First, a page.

Amana 90% Furnace Problem - kok328 help?
Here my problem, we get back from vacation and the wife says whats that noise....what noise....the noise from the furnace...crap, I'll go find out.
Get down to the furnace and the Inducer Blower Motor has pounded out it's bearings, at least thats what I figured as it was vibrating. Next day I replace the blower with the correct model. I tore the old one apart to see if it was repairable and see the plastic cage has broke and wore through the plastic housing...WOW!
So install the new blower and turn the furnace on, goes through the proper sequence and after flame ignition the pressure switch shuts the gas off after about 6 sec. I figure the flame sensor needs to be cleaned so I pull that out and steel wool it per the manuf. recommendations. Reinstall and same thing happens plus I look for the flashing code and see 3 flashes...pressure switch code. Again from the manual it can be the intake or exhaust air, wiring or bad switch. The furnace has been running fine before we left and as my house sitter didn't notice anything wrong with the heat so I don't think the intake and or exhaust has been clogged.
So I decide to buy a pressure switch, installed it and the furnace ran for 5 min. or so, so I figured it was fixed and went back to work. Came home to no heat. Went down recycled the furnance and watched after 10 min or so the flame goes out and I get a 3 blink error code.
Now this is where it gets goofy. I removed the flame box cover and recycle the furnace, gas goes on and furnace works fine...as long as the air tight cover isn't installed. So this leads me back to the intake/ exhaust air, as my piping goes up thru 2 stories and it's winter in Michigan and I'm no mountain goat I cut my intake pipe and use my shop vac.....no debris is sucked down the pipe and the inducer motor doesn't appear to be having any problem and I can hear the exhaust when standing outside.
I plan on putting back on the cover and leave the 3inch PVC furnace pipe unconnected to the stack. I assume if I don't have a problem then I must have a plugged intake stack, If I still have a problem...I HAVE NO IDEA WHATS WRONG (this is what I expect).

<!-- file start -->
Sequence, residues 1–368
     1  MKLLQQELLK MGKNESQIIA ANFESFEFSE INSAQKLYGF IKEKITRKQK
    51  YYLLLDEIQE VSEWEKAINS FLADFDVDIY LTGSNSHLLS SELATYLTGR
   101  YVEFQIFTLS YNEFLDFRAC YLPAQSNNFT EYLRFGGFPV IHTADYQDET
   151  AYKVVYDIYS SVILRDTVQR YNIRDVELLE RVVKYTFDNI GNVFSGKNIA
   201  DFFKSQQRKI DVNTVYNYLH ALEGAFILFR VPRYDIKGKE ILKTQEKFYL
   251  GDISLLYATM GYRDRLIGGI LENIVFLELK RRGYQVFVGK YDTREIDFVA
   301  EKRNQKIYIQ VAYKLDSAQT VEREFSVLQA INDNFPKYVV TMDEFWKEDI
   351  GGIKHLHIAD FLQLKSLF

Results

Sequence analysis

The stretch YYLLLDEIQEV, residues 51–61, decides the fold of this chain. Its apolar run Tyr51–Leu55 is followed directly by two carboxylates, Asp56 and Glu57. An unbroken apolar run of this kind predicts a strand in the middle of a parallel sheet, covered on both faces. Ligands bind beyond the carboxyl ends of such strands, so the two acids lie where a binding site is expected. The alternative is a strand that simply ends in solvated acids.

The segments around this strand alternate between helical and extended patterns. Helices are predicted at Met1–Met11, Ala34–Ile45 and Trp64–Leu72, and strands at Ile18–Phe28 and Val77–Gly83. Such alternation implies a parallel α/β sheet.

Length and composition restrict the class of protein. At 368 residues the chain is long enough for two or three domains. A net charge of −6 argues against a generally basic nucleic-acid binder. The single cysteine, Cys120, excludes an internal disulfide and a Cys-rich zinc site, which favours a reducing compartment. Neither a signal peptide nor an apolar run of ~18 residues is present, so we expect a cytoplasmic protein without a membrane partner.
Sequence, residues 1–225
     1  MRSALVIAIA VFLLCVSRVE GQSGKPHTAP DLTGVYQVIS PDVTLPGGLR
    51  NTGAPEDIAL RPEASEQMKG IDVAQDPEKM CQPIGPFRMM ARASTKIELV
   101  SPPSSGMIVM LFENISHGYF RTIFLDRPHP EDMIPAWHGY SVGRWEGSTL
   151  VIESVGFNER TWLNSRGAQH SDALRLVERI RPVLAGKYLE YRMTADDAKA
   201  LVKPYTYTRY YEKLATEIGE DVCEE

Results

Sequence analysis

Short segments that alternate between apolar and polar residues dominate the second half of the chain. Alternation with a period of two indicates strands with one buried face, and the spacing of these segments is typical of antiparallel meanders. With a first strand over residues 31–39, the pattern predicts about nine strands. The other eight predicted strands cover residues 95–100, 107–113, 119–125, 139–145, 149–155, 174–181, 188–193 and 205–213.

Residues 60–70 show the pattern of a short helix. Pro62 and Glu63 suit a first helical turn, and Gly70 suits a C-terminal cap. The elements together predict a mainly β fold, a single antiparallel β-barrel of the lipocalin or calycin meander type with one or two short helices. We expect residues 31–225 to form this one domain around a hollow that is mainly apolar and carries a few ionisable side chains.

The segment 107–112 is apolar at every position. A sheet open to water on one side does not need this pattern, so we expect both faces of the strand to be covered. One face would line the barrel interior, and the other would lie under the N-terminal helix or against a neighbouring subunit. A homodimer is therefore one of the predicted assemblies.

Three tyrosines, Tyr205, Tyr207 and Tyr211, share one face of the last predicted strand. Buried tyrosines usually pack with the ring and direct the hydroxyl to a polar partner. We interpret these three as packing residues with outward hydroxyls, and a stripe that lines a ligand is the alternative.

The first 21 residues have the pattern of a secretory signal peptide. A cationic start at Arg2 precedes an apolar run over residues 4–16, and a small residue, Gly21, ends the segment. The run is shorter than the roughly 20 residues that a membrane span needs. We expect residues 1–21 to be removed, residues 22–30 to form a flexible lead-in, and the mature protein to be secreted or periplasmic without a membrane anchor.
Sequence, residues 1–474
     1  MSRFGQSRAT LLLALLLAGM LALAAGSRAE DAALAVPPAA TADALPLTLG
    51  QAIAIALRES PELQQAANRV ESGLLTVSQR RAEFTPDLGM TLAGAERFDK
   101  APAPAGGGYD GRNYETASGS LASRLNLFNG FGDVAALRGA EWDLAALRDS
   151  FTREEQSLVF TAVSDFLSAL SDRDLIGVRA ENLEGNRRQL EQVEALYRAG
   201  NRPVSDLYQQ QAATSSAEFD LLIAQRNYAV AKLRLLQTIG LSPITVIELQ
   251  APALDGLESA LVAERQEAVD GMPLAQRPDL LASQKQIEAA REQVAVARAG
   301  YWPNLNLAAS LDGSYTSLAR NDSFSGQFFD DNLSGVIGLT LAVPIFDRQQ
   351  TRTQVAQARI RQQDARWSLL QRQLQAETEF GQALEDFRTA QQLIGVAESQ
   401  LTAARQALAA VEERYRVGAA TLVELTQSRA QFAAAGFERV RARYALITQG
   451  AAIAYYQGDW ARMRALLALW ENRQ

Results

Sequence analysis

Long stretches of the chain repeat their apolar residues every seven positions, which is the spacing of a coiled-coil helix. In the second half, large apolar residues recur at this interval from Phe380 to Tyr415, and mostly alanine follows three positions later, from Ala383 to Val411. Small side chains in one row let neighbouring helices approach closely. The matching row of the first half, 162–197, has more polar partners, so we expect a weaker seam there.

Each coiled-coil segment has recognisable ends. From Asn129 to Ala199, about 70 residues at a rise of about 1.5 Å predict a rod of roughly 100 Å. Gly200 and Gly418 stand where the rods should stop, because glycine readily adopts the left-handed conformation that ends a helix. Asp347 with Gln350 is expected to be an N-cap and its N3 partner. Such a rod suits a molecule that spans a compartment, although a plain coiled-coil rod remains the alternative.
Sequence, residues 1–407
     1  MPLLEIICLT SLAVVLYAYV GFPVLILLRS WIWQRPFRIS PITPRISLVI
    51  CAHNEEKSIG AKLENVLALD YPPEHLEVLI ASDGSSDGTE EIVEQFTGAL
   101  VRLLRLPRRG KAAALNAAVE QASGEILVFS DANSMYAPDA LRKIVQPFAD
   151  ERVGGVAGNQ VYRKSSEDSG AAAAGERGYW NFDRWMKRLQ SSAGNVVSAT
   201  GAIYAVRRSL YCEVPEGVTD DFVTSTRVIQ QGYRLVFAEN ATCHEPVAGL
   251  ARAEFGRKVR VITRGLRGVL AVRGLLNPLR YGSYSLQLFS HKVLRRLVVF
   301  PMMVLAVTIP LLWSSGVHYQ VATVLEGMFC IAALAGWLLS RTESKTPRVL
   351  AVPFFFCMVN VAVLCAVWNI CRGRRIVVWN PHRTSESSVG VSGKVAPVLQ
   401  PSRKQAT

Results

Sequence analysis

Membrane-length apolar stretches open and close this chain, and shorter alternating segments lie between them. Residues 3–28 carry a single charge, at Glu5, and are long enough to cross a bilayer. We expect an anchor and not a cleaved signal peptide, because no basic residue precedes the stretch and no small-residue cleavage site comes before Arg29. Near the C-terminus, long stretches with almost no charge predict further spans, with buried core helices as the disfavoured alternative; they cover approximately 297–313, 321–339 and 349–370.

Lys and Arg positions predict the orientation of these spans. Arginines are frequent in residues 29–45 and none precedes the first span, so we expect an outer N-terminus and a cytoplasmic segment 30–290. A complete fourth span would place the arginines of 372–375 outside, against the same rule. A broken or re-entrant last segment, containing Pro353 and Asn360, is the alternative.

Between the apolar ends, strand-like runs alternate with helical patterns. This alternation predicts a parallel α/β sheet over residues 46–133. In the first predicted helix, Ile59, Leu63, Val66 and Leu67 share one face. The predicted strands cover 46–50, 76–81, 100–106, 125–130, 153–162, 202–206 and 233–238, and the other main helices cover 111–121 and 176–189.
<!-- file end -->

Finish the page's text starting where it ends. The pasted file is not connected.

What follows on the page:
New Inducer Blower is sucking to much air for the long intake stack to supply to the furnace and having the lid off the box helps make up the missing air?
Flame roll out sensor is bad...but don't get the correct code??
Flame sensor is bad, but likes the extra air????
I just find it hard to believe the inducer motor doesn't have something to do with this as it is the only thing that has changed in the past 12 years! but it is the correct model and seems to be running correctly and all the vacuum lines are hooked up.
Any suggestions would be appreciated.
Well, this is what I can tell you.
I assume that you replaced not only the blower motor but, the housing and impeller too.
I have seen one inducer motor in my time that was running but, not at enough RPM's to "make" the pressure switch relay. This will be hard to verify, I was lucky enough to have two like units side by side to tell me this.
Also, there is no intake stack, just an exhaust stack. The intake the your referring to would be a fresh air intake for combustion purposes on a high-efficiency model furnace. The intake for the inducer fan is the actual combustion chamber of your furnace. The inducer fan evacuates the gas prior to ignition otherwise the unit could explode. Once the unit is up and running the inducer exhausts the burned gas to prevent CO2 build up during combustion. So the things to check here would be: verify that you don't have a blocked exhaust stack, verify that you don't have any leaks (cracks/holes) or blockages in the tubing that runs from the inducer housing to the pressure switch. Make sure the new inducer housing is sealed air tight to the combustion chamber. Also check the leads coming out of the pressure swith to see if continuity is being achieved at the pressure switch when the inducer motor is running. If this checks out, I would suspect the relay that attaches to the pressure switch which must be "made" to allow for ignition. This could be falling out during the run cycle and causing a premature shut down of the system and/or failure to ignite. Post back if you still need help and haven't froze to death by now and/or been forced to called a contractor.